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Gynecol Oncol. 2000 Apr;77(1):116-20.

Radiation therapy for elderly patient with squamous cell carcinoma of the uterine cervix.

Author information

1
Department of Radiology & Radiation Oncology, Gunma University School of Medicine, 3-39-22 Showa-machi, Maebashi, Gunma, 371-8511, Japan. hsakurai@sb.gunma-u.ac.jp

Abstract

OBJECTIVE:

The purpose of this study was to profile cervical squamous cell carcinoma in elderly patients undergoing radiation therapy and to study the treatment outcome and side effects of therapy.

MATERIALS AND METHODS:

A retrospective analysis was carried out from the records of 380 patients with squamous cell carcinoma of the uterine cervix who had been given radiation therapy between 1970 and 1994. The patients were divided into three age groups: under 70 years (youngest group; n = 215), 70 to 79 years (intermediate group; n = 124), and 80 years or older (oldest group; n = 41). Radiation therapy was performed by a combination of external beam therapy and three brachytherapy fractions using low-dose-rate sources.

RESULTS:

The 5-year overall survival rates in the youngest, intermediate, and oldest groups were 58, 50, and 33%, respectively, while cause-specific survival rates were 68, 70, and 65%, respectively. For the patients with stage III, the 5-year overall survival rates in the youngest, intermediate, and oldest groups were 59, 48, and 36%, respectively, while cause-specific survival rates were 72, 70, and 70%, respectively. There was no statistical significance in the 5-year intrapelvic recurrence rates among the three groups. Grade 3 or 4 complications occurred in 6.5% of the youngest, 11.3% of the intermediate, and 7.3% of the oldest groups.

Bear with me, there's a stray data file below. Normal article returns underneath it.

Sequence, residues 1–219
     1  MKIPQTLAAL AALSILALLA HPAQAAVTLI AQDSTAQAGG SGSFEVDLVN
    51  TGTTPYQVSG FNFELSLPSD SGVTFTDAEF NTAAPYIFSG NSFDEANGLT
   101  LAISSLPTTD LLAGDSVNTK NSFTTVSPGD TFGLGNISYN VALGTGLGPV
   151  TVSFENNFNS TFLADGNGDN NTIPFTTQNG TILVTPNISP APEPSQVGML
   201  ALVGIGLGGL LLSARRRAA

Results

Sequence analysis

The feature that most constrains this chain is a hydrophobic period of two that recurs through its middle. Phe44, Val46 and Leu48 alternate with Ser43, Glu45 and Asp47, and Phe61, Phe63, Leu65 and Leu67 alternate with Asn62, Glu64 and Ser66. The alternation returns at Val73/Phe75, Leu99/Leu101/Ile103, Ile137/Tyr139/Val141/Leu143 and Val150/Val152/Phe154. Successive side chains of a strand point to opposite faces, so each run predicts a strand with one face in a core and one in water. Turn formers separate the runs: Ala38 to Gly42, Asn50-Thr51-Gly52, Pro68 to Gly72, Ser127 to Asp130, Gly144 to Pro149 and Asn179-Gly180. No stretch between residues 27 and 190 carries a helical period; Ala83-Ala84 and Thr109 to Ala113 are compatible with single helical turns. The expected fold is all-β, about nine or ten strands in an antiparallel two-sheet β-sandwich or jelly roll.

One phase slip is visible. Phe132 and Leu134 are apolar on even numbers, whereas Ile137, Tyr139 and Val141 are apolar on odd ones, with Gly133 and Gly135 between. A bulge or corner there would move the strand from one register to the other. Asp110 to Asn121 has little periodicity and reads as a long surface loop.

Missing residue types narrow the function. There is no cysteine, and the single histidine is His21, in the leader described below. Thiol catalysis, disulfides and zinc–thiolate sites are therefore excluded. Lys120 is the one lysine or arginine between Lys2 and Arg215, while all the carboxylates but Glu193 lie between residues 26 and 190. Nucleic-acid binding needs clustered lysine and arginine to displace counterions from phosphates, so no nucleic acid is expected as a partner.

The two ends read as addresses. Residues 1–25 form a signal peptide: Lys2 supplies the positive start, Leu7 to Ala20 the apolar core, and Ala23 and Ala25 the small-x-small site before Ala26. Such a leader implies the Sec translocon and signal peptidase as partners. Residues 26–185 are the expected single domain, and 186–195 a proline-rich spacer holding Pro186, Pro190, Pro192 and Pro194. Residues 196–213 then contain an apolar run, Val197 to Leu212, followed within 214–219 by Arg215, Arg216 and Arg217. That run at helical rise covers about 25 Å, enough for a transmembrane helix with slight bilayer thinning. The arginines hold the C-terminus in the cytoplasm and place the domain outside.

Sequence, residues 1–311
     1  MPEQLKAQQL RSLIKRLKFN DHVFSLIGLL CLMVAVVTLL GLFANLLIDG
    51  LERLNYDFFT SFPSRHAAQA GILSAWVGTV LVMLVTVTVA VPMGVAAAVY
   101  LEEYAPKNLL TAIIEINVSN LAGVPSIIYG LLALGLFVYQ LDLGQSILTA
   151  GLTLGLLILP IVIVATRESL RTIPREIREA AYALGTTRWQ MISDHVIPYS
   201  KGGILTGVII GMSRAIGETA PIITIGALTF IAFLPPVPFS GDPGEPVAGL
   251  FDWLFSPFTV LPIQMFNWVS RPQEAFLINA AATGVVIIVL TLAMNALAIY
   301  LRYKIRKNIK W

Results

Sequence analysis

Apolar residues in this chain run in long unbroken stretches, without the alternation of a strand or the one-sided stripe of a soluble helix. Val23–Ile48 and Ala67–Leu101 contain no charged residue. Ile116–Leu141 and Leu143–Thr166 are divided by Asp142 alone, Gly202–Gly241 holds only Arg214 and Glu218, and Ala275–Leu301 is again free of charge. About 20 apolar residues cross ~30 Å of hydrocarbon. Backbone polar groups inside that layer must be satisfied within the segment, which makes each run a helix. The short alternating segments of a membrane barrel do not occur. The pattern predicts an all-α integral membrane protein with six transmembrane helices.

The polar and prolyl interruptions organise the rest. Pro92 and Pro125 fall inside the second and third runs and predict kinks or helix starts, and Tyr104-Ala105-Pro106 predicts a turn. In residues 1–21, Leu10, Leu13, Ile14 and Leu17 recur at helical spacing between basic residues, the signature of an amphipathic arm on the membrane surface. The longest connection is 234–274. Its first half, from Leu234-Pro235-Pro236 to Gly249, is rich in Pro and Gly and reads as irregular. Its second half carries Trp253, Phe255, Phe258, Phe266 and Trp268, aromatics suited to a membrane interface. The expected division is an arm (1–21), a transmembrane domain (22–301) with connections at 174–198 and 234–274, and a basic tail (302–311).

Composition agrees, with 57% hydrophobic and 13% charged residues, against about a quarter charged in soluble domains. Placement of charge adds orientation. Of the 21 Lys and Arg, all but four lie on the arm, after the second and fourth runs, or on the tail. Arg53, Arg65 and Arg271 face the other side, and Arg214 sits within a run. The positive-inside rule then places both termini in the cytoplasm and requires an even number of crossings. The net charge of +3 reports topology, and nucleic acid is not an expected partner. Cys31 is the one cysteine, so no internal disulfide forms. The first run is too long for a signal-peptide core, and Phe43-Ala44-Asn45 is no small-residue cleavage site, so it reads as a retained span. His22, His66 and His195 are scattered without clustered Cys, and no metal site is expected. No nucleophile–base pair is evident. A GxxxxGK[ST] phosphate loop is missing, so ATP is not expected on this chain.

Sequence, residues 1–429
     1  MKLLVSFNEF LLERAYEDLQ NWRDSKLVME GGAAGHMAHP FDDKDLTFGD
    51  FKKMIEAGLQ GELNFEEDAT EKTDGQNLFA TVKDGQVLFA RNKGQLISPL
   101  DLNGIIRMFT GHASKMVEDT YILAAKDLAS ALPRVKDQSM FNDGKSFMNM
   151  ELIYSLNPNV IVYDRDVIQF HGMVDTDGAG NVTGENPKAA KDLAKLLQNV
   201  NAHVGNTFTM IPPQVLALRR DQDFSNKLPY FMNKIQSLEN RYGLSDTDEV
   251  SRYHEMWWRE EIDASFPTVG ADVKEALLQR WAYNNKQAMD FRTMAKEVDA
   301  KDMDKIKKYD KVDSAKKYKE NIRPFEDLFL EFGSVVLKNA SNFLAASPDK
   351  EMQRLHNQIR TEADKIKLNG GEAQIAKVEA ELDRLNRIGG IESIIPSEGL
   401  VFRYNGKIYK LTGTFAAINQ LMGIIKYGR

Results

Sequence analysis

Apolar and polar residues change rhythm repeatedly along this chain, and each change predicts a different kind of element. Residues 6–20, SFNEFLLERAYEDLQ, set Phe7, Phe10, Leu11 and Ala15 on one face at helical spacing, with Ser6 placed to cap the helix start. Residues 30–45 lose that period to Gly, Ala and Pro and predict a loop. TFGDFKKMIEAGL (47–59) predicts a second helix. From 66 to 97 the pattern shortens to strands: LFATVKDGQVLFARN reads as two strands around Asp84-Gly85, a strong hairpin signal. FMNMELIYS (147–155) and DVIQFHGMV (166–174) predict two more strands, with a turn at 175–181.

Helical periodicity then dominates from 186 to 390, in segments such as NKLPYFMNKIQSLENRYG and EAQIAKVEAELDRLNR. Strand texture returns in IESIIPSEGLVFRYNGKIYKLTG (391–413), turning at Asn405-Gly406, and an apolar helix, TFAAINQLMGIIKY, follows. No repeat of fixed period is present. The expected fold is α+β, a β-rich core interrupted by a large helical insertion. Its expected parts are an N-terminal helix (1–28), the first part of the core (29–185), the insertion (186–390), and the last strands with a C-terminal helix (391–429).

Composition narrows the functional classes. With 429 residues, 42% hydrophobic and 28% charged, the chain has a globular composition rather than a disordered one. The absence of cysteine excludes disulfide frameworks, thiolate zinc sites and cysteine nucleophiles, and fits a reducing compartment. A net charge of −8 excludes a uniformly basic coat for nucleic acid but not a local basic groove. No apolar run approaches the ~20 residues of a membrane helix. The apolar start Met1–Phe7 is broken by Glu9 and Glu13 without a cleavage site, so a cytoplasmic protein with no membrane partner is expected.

CONCLUSION:

Radiation therapy with external beam combined with three fractions of low-dose-rate brachytherapy proved both highly effective and safe for senior patients with cervical squamous cell carcinoma.

PMID:
10739700
DOI:
10.1006/gyno.1999.5722
[Indexed for MEDLINE]

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